Pharmaceutical stocks could bounce back sharply in the new year as they benefit from a double dose of political stability in the US and a Covid-19 vaccine rollout.
Share prices among some of the world’s biggest pharmaceutical players have struggled since the start of the year, with companies underperforming, particularly in the second half of 2020.
Uncertainty over the results of the US election dampened investor sentiment. Healthcare reform and drugs pricing are a hot topic of debate in the US and new legislation can have major implications for big pharma companies, which generate a significant share of their global revenues from the US market where prices are generally much higher than the rest of the world.
Meanwhile the pandemic has disrupted clinical trials and made it difficult to launch new drugs to market. Demand, in some cases, has also fallen sharply as treatments have been postponed and patients have steered clear of hospitals and GP surgeries. While this has not resulted in material falls in profit, it has muted investor confidence, particularly earlier in the year when the prospect of a vaccine was still far off.
In AstraZeneca’s third-quarter results, for instance, sales of some of its asthma medications fell sharply, by more than half in some cases. Swiss pharmaceutical giant Novartis reported similar problems in its third quarter, where sales were flat because patients were unwilling to go into hospital to receive treatment and disease diagnosis and treatment were being delayed.
The share prices of some of the major players over the past year are telling. As of midday on Nov 27, GSK's shares were down down by 22pc, Novartis 12pc, Roche 2.2pc, and Sanofi and Merck 5pc and 13pc respectively. Amgen's shares have fallen by 8pc, Bristol Myers Squibb 0.8pc, Gilead 8.6pc, Pfizer 1.5pc and Johnson & Johnson 1.5pc.
AstraZeneca is broadly flat on the year, and has lost 7pc since its vaccine announcement at the start of last week, with the company facing questions about its results data.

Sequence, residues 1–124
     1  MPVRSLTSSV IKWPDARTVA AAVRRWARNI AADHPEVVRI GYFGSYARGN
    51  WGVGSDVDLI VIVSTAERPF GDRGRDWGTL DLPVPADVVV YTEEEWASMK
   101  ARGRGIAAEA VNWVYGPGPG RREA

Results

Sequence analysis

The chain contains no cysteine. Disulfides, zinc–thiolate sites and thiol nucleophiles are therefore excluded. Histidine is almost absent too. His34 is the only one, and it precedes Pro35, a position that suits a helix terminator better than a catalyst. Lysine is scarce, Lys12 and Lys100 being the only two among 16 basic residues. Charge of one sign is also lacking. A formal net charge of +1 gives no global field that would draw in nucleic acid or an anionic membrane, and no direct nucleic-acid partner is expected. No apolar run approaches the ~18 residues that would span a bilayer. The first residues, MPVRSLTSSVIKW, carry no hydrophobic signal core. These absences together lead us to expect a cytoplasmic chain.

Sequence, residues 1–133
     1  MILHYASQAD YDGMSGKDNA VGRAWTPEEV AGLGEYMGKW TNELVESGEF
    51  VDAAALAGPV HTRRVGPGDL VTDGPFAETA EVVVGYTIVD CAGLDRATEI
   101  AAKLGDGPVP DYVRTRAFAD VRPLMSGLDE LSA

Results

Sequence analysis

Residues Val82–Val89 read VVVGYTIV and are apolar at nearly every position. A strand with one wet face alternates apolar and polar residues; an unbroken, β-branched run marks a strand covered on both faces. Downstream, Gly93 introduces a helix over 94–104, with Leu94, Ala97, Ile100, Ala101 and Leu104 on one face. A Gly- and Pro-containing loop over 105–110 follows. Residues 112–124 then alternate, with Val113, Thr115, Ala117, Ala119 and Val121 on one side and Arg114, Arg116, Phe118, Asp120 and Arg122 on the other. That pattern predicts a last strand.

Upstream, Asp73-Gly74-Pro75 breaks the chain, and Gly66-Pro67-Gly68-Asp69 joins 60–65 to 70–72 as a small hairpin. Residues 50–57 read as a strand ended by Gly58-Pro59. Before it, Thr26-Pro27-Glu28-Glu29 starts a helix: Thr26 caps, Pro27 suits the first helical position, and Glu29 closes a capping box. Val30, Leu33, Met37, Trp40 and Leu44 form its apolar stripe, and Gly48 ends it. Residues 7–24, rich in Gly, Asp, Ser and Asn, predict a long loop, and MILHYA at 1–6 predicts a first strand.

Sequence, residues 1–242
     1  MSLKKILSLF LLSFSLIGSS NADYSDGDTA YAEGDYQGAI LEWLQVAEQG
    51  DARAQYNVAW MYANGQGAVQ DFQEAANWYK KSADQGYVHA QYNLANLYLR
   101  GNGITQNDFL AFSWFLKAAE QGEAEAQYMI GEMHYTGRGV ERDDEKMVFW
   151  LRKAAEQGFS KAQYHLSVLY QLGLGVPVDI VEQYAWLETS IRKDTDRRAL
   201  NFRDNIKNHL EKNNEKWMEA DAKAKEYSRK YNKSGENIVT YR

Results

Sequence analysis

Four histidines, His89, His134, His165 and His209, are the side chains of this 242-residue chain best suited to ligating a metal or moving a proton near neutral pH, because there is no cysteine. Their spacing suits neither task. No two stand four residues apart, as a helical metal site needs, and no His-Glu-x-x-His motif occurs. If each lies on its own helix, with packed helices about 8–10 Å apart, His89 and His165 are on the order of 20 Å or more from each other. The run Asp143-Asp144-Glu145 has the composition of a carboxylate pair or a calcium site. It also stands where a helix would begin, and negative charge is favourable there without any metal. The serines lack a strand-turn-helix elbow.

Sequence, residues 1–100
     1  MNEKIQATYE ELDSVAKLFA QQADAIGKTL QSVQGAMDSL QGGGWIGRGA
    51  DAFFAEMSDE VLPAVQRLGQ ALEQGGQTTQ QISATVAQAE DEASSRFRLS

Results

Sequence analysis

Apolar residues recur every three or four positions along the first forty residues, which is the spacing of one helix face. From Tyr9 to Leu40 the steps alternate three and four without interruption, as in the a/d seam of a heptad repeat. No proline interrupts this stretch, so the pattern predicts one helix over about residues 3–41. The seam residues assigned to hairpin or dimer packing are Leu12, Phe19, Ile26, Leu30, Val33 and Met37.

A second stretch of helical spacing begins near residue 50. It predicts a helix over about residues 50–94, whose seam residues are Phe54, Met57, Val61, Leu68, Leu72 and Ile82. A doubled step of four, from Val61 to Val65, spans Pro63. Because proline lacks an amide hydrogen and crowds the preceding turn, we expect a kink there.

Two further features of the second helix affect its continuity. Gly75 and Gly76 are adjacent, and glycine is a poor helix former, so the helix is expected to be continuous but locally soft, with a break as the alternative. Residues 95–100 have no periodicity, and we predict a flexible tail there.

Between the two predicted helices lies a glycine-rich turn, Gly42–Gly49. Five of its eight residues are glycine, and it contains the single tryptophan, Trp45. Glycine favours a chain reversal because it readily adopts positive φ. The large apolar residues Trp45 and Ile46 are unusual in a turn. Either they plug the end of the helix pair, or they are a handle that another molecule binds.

There are some exceptions: Novo Nordisk is up 6.8pc, while Abbvie and Eli Lilly are up 16pc and 10pc respectively.
But there is reason to believe next year will be a boom for big pharma. The prospect of a Covid vaccine returning business to normal became a very real prospect three weeks ago when Pfizer was the first company to announce successful trial data. The pandemic has also highlighted the importance of the life sciences sector and given a reputational boost to an industry that often only made headlines around high prices and bribery scandals.
“Investment made into developing a vaccine can buy the industry political backing and gives it a better image. I think it certainly is a reputation win for pharma," says one analyst.
"This will be a boom for pharma sector earnings next year particularly for those companies launching new drugs as they haven't been able to promote them or launch them very well this year."
An industry executive agrees, adding: "What Covid has done in some respects is brought to the front page that technology matters, manufacturing of complex things matter, so the world of investors are now attuned to the need for innovation in healthcare.
“You can’t really quantify it, we have always had a high level of interest in our business, but I think in some ways this has confirmed in the eyes of shareholders what they have invested for, we have been speaking to our investors about things like 'unmet need', 'complex manufacturing', and 'innovation' for years and the pandemic and importance of science has validated our viewpoint.”